HAWL IN: A Palace of nightmares that became one of dreams for the Bulls

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Basketball: NBA Playoffs: Chicago Bulls Michael Jordan (23) in action vs Detroit Pistons at The Palace. Game 4.
Auburn Hills, MI 5/27/1991
CREDIT: Manny Millan (Photo by Manny Millan /Sports Illustrated/Getty Images)
(Set Number: X41482 )

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AUBURN HILLS, Mich. - A place that produced so much noise for the franchise ended quietly on Monday night.

A Bulls team that's fighting for one of the last playoff spots in the Eastern Conference lost to a Pistons squad looking to do the same 109-95. There were just over 16-thousand people in the building - well short of the 24,276 capacity.

It's kind of sad that this was the end of play for Chicago's NBA franchise at the venue after years of entertaining games. Next year the Pistons will move back to downtown Detroit to play their games at the new Little Caesars Arena.

While their leaving comes with little fanfare outside of Michigan, Bulls fans need to remember their team's legacy at the arena in Auburn Hills. It was a place of nightmares that actually helped many of the Bulls' dreams come true.

While things started well enough in the venue, a Bulls' victory in Game 1 of the Eastern Conference Finals in 1989 thanks to Michael Jordan's 32 points, it would be a place where the team would have to learn some hard lessons.

A still developing squad was bullying mentally and physically by the "Bad Boys" of Detroit who went onto win the last two games they'd play at The Palace in that East Finals. On top of that, they beat the Bulls the first five times the face them in the regular season in the venue.

Never was that more evident than in the 1990 Eastern Conference Finals, when Detroit's home floor turned into a classroom for the team.

In that series, the Bulls lost four games at the Palace, never staying closer than nine points in any of those contests.

The most famous was the finale, Game 7 on June 3rd. With Scottie Pippen dealing with his now infamous migraine headache, the Bulls were only competitive for a quarter as the Pistons rolled to a 19-point victory.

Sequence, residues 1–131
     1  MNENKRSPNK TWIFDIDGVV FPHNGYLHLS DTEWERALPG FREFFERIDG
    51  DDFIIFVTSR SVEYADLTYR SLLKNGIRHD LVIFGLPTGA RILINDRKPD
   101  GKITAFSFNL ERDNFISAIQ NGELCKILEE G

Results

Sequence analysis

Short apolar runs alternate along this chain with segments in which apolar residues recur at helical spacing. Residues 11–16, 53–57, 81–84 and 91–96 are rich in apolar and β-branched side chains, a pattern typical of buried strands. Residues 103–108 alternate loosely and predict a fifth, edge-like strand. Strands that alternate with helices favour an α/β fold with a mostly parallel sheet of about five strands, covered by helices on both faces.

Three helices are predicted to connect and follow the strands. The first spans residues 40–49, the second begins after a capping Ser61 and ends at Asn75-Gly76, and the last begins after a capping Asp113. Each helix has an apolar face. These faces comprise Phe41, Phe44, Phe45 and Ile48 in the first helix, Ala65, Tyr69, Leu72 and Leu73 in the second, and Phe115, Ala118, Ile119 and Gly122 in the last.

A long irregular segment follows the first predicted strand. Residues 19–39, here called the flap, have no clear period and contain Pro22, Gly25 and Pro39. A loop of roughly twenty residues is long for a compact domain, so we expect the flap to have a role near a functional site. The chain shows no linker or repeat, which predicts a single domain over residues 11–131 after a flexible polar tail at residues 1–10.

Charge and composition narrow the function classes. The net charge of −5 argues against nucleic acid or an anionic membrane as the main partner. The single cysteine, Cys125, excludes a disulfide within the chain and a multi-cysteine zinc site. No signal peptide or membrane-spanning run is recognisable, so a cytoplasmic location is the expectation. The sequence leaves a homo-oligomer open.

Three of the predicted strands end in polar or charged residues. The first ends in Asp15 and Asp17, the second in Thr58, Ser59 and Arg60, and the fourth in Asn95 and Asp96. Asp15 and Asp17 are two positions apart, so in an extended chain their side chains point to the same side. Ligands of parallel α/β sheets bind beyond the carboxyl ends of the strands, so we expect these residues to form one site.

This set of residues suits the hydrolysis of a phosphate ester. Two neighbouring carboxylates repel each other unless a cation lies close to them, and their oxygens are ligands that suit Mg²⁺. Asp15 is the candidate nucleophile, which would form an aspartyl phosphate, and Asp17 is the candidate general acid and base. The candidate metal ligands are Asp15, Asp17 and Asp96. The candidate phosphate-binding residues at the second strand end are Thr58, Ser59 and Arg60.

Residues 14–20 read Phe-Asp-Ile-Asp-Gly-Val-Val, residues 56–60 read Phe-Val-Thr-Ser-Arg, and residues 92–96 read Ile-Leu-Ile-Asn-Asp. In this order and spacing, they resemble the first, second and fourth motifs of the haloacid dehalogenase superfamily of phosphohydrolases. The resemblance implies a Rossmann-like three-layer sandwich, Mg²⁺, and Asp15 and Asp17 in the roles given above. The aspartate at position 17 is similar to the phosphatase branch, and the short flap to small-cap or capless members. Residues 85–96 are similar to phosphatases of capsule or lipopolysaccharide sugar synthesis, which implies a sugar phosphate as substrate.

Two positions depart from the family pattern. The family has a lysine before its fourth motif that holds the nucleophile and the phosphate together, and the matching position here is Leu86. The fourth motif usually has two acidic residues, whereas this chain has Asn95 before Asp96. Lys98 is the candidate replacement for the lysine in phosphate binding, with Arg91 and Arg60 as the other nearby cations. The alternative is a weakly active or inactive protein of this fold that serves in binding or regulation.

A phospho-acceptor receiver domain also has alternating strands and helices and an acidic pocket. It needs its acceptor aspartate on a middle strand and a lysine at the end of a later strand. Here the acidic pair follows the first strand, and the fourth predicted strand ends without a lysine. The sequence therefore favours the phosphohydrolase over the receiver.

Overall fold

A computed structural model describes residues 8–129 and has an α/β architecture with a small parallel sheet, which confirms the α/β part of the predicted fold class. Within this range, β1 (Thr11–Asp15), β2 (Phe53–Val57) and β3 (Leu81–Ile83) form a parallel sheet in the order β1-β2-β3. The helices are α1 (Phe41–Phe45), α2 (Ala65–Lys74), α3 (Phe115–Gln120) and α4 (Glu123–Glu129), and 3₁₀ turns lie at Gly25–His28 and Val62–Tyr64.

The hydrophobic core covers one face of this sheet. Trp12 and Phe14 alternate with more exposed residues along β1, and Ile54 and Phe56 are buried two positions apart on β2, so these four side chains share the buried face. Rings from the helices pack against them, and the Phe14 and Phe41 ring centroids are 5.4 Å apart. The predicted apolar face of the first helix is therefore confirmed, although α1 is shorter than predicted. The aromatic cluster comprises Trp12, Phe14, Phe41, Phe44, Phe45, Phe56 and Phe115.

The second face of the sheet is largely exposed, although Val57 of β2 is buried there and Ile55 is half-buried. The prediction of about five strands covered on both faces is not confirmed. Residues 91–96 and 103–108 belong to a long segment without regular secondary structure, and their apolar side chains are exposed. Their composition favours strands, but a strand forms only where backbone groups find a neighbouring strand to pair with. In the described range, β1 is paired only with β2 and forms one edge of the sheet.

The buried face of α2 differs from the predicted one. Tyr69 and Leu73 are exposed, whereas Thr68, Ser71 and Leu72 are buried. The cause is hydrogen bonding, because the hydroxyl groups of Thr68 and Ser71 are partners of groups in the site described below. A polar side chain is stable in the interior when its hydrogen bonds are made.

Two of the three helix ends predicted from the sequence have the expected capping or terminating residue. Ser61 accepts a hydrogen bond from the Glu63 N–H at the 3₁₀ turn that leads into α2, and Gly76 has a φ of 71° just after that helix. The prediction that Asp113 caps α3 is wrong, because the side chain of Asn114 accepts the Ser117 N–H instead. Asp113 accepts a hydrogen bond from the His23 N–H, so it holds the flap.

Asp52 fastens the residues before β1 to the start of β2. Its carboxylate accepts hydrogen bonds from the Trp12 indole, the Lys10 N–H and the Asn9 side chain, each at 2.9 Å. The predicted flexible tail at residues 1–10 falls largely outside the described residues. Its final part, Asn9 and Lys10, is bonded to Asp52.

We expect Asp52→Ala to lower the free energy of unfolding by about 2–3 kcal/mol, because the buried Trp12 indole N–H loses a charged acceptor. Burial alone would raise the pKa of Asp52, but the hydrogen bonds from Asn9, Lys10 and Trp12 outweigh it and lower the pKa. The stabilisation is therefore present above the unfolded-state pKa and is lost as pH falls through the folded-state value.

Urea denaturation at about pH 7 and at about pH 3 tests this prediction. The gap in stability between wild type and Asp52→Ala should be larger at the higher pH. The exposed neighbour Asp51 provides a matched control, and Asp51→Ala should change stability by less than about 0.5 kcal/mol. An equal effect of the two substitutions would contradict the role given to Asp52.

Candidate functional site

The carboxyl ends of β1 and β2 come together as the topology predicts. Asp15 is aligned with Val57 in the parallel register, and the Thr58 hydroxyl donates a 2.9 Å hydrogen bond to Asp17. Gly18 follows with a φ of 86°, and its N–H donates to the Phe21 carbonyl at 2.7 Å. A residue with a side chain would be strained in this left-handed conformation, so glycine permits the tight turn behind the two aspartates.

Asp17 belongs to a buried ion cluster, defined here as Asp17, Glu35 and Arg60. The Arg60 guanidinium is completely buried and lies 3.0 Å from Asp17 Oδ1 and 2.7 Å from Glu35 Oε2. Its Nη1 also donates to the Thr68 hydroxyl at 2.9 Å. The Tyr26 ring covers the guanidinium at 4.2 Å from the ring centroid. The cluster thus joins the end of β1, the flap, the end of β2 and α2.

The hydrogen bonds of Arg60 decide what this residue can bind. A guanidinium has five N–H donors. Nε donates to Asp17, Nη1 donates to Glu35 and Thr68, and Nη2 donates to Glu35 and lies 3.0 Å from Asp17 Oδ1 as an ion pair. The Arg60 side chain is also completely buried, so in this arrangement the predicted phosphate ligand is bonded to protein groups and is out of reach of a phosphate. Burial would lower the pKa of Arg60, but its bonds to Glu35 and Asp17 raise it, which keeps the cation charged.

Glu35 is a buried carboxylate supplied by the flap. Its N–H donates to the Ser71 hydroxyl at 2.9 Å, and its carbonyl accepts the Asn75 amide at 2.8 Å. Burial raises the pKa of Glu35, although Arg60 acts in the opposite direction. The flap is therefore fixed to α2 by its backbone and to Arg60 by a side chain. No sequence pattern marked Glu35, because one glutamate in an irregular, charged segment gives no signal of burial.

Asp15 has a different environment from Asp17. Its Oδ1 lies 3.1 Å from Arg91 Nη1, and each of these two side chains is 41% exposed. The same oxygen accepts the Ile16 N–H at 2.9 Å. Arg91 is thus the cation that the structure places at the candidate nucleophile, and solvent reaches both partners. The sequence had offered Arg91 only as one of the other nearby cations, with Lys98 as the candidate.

In the Palace the Bulls learned two things: They were good but not good enough. Mindset and muscle were enough to offset the team's offensive firepower, proven over the course of six-straight playoff defeats in the building.

Jordan famously spent $40,000 on new weight lifting equipment in his house that offseason to train for the rigors of the postseason - specifically a likely rematch with the Pistons the next year.


The Bulls showed signs of their maturation the next year when the finally won a regular season game in The Palace after three years of failing to do so on February 7, 1991.

It really did the trick in the Eastern Conference Finals nearly four months later when a Bulls team, hardened by their experience in Auburn Hills, finally had the strength to take down their foe.

In fitting fashion, the Bulls won Game 3 and 4 of the series to finish off a sweep while giving the franchise their first Eastern Conference championship. Who cares if the majority of the Pistons starters left early without shaking their hands, the Bulls had taken the elusive step and it opened the doors for the most successful era of the franchise.

Six championships would follow in the next eight years. Jordan would grow into the game's greatest player. All of these were shaped by a couple of nightmarish lessons learned in the classroom that was The Palace.

Hence it was a shame for the era to end so quietly on Monday. Bill Laimbeer and Rick Mahorn were in the crowd to share some of their memories of the rivalry that reached its zenith in the building.

They're making sure Pistons fans don't forget all that happened in the building. Bulls fans shouldn't either, even if the ending was much quieter than the past.


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